Cape Town-based illustrator Russell Abrahams recently founded an illustration studio called Yay Abe to give artists of colour a leg-up in the industry. Abrahams has been commissioned by brands like Heineken, Woolworths, Jameson, Redbull and Mail & Guardian. After he took part in the Design Indaba Emerging Creatives Programme in 2014, we spoke to the budding creative about his motivations, tools of the trade and design process.
Can you describe the style of your illustration? What makes them unique?
My illustrations are graphic in style. I like to create bold illustrations that help the client convey their message. I’m known to work in a very local style with many vibrant colours. I think what drives me to work in this manner is the fact that we live in such a vibrant city/country. I think what makes my work unique is the fact that I can work in many styles while maintaining my visual language throughout. It’s something I really try to keep constant when illustrating.
What’s your process like?
My process is fairly linear. It usually starts with sketching with pencil on paper. I think this is a very important part of the process as I feel it always leads to a more organic/natural final result. Once The sketch is complete, I usually then redraw it digitally to speed up the drafting process. This part of the process for me is usually the most important because once I start illustrating digitally it’s all straight forward from there. Also, there’s always music blasting in the studio to keep me happy and moving. It really helps.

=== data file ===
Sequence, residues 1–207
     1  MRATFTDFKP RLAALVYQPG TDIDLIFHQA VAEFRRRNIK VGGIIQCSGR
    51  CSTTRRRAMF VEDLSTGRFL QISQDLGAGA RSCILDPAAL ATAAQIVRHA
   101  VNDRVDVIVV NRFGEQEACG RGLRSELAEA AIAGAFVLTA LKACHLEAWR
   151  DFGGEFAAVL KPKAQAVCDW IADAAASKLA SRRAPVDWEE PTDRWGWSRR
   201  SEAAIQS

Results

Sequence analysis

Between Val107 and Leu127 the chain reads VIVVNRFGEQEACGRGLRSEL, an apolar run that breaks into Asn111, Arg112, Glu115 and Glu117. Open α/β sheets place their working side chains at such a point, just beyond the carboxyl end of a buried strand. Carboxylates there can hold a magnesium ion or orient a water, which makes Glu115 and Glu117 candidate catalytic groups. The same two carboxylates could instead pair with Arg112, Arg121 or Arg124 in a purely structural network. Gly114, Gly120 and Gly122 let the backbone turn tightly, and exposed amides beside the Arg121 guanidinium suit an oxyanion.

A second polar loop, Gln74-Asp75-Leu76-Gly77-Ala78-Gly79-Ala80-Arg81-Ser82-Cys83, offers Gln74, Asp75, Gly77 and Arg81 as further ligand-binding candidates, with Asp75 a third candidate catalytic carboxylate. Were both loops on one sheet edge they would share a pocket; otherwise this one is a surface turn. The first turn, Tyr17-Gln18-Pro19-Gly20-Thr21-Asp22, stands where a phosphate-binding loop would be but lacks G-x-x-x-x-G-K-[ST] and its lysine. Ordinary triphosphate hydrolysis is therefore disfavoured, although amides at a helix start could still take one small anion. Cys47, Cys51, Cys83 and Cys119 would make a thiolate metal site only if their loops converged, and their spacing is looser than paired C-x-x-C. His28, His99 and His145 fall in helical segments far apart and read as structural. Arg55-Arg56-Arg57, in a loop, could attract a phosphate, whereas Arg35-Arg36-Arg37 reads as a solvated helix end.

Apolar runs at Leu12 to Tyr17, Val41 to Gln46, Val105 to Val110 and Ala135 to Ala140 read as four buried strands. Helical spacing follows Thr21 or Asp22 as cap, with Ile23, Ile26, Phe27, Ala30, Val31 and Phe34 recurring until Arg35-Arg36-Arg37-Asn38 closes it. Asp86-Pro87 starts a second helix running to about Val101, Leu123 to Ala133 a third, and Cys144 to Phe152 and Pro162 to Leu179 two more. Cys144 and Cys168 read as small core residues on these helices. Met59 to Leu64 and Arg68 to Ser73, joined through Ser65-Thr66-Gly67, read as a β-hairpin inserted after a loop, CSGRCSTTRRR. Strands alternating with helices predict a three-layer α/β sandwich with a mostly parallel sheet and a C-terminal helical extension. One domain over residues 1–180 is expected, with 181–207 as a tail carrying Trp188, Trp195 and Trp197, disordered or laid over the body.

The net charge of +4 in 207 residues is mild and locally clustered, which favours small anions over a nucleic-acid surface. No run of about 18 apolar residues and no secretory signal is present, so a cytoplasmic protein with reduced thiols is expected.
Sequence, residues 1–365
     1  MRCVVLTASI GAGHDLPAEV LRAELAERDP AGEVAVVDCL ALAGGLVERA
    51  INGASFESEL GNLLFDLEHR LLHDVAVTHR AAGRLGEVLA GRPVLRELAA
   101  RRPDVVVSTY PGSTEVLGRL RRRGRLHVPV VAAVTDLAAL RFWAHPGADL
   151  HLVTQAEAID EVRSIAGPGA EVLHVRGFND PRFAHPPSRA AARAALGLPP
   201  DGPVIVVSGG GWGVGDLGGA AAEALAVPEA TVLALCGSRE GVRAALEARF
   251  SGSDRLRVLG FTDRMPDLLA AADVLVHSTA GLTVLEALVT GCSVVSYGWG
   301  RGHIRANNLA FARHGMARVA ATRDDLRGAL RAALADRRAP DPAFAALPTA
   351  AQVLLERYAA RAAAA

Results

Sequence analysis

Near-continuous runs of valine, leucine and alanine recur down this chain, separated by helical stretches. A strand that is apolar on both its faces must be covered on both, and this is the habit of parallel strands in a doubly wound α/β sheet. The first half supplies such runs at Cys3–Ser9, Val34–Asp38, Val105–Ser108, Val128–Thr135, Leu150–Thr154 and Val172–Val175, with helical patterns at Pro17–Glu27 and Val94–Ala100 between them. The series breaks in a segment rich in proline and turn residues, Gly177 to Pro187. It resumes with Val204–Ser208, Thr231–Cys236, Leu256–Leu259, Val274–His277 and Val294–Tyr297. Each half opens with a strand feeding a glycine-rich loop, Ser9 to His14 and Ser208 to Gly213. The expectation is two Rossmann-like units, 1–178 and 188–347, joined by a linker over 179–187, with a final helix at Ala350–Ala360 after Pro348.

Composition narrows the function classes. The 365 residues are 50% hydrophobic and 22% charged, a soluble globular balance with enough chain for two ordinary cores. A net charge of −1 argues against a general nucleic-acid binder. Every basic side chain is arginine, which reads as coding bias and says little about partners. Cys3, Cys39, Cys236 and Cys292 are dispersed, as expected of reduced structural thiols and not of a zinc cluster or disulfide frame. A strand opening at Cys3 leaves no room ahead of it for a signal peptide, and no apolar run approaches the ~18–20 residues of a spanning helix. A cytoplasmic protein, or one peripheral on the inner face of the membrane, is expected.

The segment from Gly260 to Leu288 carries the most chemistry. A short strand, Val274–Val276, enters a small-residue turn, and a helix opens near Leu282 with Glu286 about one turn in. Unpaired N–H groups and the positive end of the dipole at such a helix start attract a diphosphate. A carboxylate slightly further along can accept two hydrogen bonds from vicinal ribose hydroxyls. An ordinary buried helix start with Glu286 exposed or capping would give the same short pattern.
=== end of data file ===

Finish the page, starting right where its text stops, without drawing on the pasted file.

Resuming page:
What did you want to be when you were growing up? If it wasn’t illustration, when did you make the switch?
Oddly enough, I always thought I’d be a police officer or a medical doctor. I think it’s the idea of servitude that fascinated me. Once I reached high school I realised that’s it was possible to make a career out of my obsession with drawing. At the age of 16, I was the kid in class who couldn’t stop drawing. After high school, I studied graphic design/illustration at CPUT [Cape Peninsula University of Technology] and the rest is history.
What’s your favourite design tool and why?
I love working in Adobe Illustrator. The power to create complex images using minimal amounts of geographic shapes really makes me excited.
How do you deal with nightmare clients?
I simply reminded myself to understand the process and what our relationship is based on. I always try to sway clients from bad ideas if I don’t agree with theirs but at the end of the day, they are paying me to create work that they want. I think that I’ve been quite lucky to not have any nightmare clients. *touch wood*
How important is narrative or story when creating an illustration? How do you translate one into the other?
The whole point of illustration is to convey a message. I think working from a strong concept point and continuously referencing that idea while creating an illustration is key. Many younger designers and illustrators forget this.